Saturday, June 9, 2018

Booze and Pills and Powders

The Rolling Stones : Before They Make Me Run

On June 9, 1978 The Rolling Stones released their last great album, Some Girls. This was my entry point into the entire Stones legend, followed shortly by Hot Rocks and then More Hot Rocks. Rather than leading the way, the Stones take their cues from what's happening around them : disco ( "Miss You"), punk ( "Lies") and country ( "Far Away Eyes"). The title track may have been a joke, but it went over my head and upset various groups.

If Richards was absent from his usual contributions, he showed up in first on "Before They Make Me Run", an all time favorite  often covered live by Steve Earle. 

Great album to play on your earphones as you're wandering around New York City.

From Paul Nelson writing for Rolling Stone :
 Q: Do you think the music of the Rolling Stones has an overall theme?
A: Yeah. Women. - Keith Richards

With Bob Dylan no longer bringing it all back home, Elvis Presley dead and the Beatles already harmlessly cloned in the wax-museum nostalgia of a Broadway musical, it's no wonder the Rolling Stones decided to make a serious record. Not particularly ambitious, mind you, but serious. These guys aren't dumb, and when the handwriting on the wall begins to smell like formaldehyde and that age-old claim, "the greatest rock and roll band in the world" suddenly sounds less laudatory than laughable, you'd better dredge up your leftover pride, bite the bullet and try like hell to sweat out some good music. Which is exactly what the Stones have done. Though time may not exactly be on their side, with Some Girls they've at lest managed to stop the clock for a while.

On the new album the Stones have stripped down to the archetypal sound of two or three guitars, bass and drums, and it's wonderful to hear the group blazing away again with little more than the basics to protect them. Everything's apparently been recorded as close to live as we'd want it, and the overdubbing and extra musicians have been kept to a minimum. "Respectable" takes a close look at the peculiar position of the Stones, circa 1978, and boasts lines like these: 
We're talking heroin with the President 
Yes it's a problem sir, but it can be bent...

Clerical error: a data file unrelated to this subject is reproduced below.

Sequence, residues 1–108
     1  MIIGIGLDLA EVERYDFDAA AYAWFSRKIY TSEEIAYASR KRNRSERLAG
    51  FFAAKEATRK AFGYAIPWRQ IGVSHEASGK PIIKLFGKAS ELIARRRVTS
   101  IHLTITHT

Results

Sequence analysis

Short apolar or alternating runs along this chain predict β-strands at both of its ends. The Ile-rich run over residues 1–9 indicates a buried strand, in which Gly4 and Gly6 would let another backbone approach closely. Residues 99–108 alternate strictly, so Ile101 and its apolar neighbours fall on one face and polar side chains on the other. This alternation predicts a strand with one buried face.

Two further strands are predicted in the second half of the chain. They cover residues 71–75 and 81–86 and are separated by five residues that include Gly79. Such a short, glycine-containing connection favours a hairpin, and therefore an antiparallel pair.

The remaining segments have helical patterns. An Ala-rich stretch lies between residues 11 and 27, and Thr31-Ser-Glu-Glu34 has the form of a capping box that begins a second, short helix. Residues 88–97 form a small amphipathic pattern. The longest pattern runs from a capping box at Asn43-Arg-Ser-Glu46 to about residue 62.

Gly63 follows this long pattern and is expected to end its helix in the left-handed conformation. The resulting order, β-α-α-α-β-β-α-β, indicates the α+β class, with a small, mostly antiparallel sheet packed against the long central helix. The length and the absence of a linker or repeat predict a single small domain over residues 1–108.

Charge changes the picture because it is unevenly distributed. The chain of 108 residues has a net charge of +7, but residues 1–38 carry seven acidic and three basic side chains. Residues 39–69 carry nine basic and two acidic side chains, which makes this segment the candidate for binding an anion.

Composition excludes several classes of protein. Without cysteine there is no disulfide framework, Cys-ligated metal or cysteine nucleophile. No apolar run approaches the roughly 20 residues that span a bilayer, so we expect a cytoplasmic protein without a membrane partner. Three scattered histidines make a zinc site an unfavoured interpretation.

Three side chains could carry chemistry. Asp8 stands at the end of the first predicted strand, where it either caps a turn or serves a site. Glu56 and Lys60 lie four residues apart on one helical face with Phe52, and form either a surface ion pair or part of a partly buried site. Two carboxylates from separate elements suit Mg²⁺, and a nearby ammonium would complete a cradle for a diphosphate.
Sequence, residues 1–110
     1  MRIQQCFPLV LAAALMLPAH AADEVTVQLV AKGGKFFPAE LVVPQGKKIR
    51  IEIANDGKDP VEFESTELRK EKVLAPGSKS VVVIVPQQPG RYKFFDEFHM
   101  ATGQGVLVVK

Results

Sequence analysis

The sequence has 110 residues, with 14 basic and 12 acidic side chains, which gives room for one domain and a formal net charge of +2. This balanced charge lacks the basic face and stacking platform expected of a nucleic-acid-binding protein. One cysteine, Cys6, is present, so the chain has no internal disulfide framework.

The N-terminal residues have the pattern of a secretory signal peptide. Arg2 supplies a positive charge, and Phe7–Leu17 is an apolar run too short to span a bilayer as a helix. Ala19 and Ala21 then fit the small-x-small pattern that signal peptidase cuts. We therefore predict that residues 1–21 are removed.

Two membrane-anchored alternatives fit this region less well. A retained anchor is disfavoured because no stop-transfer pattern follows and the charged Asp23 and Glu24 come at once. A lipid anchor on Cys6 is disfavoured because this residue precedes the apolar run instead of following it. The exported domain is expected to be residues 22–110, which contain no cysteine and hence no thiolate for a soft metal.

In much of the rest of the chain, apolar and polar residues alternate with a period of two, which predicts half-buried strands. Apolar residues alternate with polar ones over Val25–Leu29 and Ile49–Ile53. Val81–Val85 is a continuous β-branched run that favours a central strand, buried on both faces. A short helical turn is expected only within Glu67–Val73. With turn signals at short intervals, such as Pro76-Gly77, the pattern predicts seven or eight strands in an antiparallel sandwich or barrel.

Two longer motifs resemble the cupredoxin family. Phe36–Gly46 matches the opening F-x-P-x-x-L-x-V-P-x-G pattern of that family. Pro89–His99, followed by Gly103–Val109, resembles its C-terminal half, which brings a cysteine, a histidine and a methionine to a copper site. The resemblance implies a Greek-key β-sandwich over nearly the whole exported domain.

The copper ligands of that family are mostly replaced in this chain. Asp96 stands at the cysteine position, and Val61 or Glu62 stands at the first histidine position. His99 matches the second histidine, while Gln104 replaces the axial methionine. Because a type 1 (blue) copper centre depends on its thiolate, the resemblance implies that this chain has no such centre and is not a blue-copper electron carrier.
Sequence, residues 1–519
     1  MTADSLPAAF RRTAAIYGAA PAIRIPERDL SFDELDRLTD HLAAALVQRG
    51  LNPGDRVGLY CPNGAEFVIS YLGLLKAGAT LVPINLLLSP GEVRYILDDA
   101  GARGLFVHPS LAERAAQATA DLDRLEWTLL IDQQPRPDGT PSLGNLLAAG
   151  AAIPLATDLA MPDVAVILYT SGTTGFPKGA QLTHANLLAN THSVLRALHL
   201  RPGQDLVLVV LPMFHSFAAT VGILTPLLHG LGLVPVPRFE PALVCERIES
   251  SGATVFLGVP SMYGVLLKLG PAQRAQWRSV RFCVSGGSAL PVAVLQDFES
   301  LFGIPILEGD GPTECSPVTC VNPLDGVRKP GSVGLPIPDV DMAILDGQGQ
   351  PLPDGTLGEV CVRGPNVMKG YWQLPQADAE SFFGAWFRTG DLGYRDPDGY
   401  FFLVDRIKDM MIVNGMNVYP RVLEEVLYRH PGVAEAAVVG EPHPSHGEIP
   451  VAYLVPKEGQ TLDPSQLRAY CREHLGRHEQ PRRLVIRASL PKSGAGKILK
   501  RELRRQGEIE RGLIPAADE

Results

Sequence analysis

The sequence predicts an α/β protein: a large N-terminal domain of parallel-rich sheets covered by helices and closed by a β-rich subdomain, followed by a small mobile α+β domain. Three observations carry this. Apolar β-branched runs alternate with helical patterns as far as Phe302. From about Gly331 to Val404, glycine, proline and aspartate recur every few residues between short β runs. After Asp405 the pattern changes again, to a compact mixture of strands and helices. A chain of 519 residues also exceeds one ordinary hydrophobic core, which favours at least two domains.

You're a rag trade girl, you're the queen of porn 
You're the easiest lay on the White House lawn... 

before it inexplicably begins to lose interest in itself. "When the Whip Comes Down" and "Lies" are a neat combination of white heat and old hat, while "Miss You," "Imagination" and "Shattered" are a good deal better than that. And the title track is every bit as outrageous ("Black girls just want to get fucked all night/I just don't have that much jam") as everyone says. This song may be a sexist and racist horror, but it's also terrifically funny and strangely desperate in a manner that gets under your skin and makes you care. On "Some Girls," Mick Jagger sounds like he's not only singing like Bob Dylan, but about Bob Dylan: "I'll give you a house back in Zuma Beach/And give you half of what I owe."

"Before They Make Me Run" and "Beast of Burden," Some Girls' hardest-hitting songs, are sandwiched between "Respectable" and "Shattered" on side two. It's probably presumptuous to suggest that these four tracks are about the present predicament of this stormy band, but I think they are. When Keith Richards sings, "Well after all is said and done/Gotta move while it's still fun/But let me walk before they make me run," there's no doubt he's talking about the music, his drug bust and the possible end of the road, about which he writes brilliantly ("Watch my taillights fading/There ain't a dry eye in the house..."). And when Mick Jagger implores, 
Ain't I rough enough 
Ain't I tough enough 
Ain't I rich enough 
In love enough 
Oooo, ooh please. 
 he's got to be thinking about himself and the Rolling Stones, among other things. It's too bad the answer to all his questions isn't an unqualified yes. In a better world, it should be.

From Robert Christgau writing for the Village Voice :

 The Stones' best album since Exile on Main Street is also their easiest since Let It Bleed or before. They haven't gone for a knock-down uptempto classic, a "Brown Sugar" or "Jumping Jack Flash" -- just straight rock and roll unencumbered by horn sections or Billy Preston. Even Jagger takes a relatively direct approach, and if he retains any credibility for you after six years of dicking around, there should be no agonizing over whether you like this record, no waiting for tunes to kick in. Lyrically, there are some bad moments -- especially on the title cut, which is too fucking indirect to suit me -- but in general the abrasiveness seems personal, earned, unposed, and the vulnerability more genuine than ever. Also, the band is a really good one -- especially the drummer. A

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